Here we will interpret the 1H and 13C NMR spectrum of an example molecule: 12,14-ditbutylbenzo[g]chrysene (fig. 1) in THF-d8. The molecule chosen yields complex 1H and 13C-NMR spectra and 2D techniques are ideal for its interpretation.
Fig. 1. Molecular structure of 12,14-ditbutylbenzo[g]chrysene
A partial assignment is possible without resorting to 2D methods. The 1H-NMR spectrum (fig. 2) shows two large peaks in the aliphatic methyl region (0.7 to 2 ppm) with integrals of nine that correspond to the tbutyls. One can go further and state that steric hindrance makes the signal at 0.92 ppm is slightly broader (due to faster relaxation) and this shifts it to a lower chemical shift than the other tbutyl. Therefore the signal at 0.92 ppm corresponds to tbu14 while the signal at 1.40 ppm corresponds to tbu12
Fig. 2. 1H-NMR spectrum of 12,14-ditbutylbenzo[g]chrysene in THF-d8
A partial assignment can be obtained from the aromatic region (fig. 3) using the coupling patterns. Each ring has its own group of protons. Ignoring the small, long-range (more than three-bond) couplings, this region is expected to consist of two groups of four protons (H1 to 4 and H4 to 8). Each group consists of two AX protons (H1, 4, 5 and 8) and two AXY protons (H2, 3, 6 and 7). There is a group of two AX protons (H9 and 10) and two other protons (H11 and H13) that are expected to display only long-range coupling.
Fig. 3. Aromatic region of the 1H-NMR spectrum of 12,14-ditbutylbenzo[g]chrysene in THF-d8
The two doublets at 7.76 and 8.32 ppm (shown in red in fig. 4) show a clear AB roofing effect and the absence of long-range couplings indicates that they are alone in their group. Therefore they correspond to H9 and H10 but one cannot tell which is which. There remain four AX doublets at 8.17, 8.54, 8.56 and 8.62 ppm of which the ones at 8.54 and 8.56 ppm overlap. There are also four triplets (AXY) at 7.34 and 7.44 ppm and overlapping at 7.55 and 7.59 ppm. The roofing effect clearly shows that the triplets at 7.34 and 7.44 ppm are directly coupled as are the other two. Each of the AXY multiplets is coupled to an AX multiplet but one cannot tell which ones because their coupling constants are so similar. Nonetheless, there is a hint at asymmetric second-order splittings (in addition to symmetric long-range couplings) on the doublets at 8.56 and 8.62 ppm. This suggests that they are coupled to the overlapping triplets at 7.55 and 7.59 ppm. However, it is still unknown as to which rings the green and blue groups belong. The remaining two long-range doublets (shown in yellow in fig. 4) at 7.59 (overlapping an AXY triplet) and 7.86 ppm are H11 and H13, but again, one does not know which is which. This is as far as 1D analysis of the 1H spectrum can reasonably be taken.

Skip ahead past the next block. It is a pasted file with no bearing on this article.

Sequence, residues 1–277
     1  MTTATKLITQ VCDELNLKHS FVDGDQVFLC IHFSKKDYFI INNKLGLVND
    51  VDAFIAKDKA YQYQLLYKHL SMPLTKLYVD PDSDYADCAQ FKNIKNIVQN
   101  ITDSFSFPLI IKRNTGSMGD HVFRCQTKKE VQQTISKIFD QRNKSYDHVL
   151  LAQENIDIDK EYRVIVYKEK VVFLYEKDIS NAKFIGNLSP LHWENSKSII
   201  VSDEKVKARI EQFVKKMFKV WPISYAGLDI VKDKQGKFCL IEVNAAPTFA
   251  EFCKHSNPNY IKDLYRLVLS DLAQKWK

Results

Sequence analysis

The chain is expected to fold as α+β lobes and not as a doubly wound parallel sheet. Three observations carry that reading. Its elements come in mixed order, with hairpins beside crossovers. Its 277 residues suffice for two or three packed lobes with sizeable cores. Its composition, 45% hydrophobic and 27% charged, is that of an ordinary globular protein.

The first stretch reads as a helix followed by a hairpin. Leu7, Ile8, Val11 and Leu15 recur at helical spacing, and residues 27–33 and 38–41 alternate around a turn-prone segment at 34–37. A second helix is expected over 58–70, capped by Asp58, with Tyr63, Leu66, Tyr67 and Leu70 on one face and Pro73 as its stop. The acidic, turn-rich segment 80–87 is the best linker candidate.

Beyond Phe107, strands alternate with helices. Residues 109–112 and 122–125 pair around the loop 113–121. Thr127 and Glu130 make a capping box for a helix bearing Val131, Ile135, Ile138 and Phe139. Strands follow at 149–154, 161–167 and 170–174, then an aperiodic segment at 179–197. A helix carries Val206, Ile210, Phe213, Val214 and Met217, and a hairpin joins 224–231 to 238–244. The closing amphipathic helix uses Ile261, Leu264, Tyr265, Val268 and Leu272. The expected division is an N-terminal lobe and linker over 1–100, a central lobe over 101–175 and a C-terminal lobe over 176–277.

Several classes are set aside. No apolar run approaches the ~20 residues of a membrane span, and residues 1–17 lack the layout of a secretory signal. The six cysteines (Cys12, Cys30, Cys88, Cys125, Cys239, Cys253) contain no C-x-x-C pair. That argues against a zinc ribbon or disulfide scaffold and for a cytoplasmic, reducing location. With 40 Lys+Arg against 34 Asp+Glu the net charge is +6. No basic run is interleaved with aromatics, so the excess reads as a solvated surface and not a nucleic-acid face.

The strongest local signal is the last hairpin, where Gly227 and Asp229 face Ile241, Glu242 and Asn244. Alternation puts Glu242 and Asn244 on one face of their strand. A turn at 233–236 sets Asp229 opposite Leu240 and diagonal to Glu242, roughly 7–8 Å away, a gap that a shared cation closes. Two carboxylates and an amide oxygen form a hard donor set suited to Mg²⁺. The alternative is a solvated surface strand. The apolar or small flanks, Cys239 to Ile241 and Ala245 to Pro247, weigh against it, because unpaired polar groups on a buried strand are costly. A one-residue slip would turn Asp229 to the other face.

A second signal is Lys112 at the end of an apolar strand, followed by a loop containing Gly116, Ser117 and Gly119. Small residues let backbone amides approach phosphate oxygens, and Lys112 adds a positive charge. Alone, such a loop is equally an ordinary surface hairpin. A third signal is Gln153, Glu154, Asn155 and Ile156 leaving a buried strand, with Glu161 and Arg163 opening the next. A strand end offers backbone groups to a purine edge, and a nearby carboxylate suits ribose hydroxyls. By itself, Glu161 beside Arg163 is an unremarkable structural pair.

Fig. 4. Aromatic region of the 1H-NMR spectrum color coded according to rings
Further analysis of the proton spectrum requires 2D experiments. COSY and TOCSY experiments can be used to confirm the provisional assignment of the proton groups and COSY would yield slightly more connectivity information. However, for this molecule, NOESY or ROESY give the full connectivity including that between groups and include all the information obtainable from COSY and TOCSY. The analysis is continued here using a NOESY experiment (fig. 5) while the application of COSY, TOCSY and ROESY to this molecule is discussed elsewhere.
Fig. 5. 2D NOESY spectrum of 12,14-ditbutylbenzo[g]chrysene
The aromatic region (fig. 6) of the spectrum shows three bond correlations that include a COSY type (through bond) component in dispersive phase and negative pure phase signals for correlations between ring systems. These can be used to determine which protons are neighbors. For example the proton at 8.17 ppm is next to the proton at 7.34 ppm on the same ring (see fig. 7 for color coded NOESY accoring to rings as in fig. 8), a fact that could not be easily determined from the 1D spectrum. The proton at 8.56 is on the ring next to the signal at 8.32 ppm, a fact that could not be determined from the 1D or the COSY spectrum. This shows the proton at 8.56 ppm is in a group of four protons next to a group of two protons. The only case in this molecule is the correlation between H8 and 9 which are now known to be at 8.56 and 8.32 ppm respectively.
Fig. 6. Aromatic region of the 2D NOESY spectrum of 12,14-ditbutylbenzo[g]chrysene
Continuing the connectivity, we can assign H10 as 7.76 ppm, H11 as 7.60 ppm and H13 as 7.86 ppm. In the opposite direction, H7 is at 7.59 ppm, H6 at 7.55 ppm, H5 at 8.62 ppm, H4 at 8.54 ppm, H3 at 7.44 ppm, H2 at 7.34 ppm and H1 at 8.17 ppm.
Fig. 7. Aromatic region of the 2D NOESY spectrum of 12,14-ditbutylbenzo[g]chrysene showing connectivity and separation into four color-coded proton groups
Fig. 8. Structure of 12,14-ditbutylbenzo[g]chrysene showing color coding of rings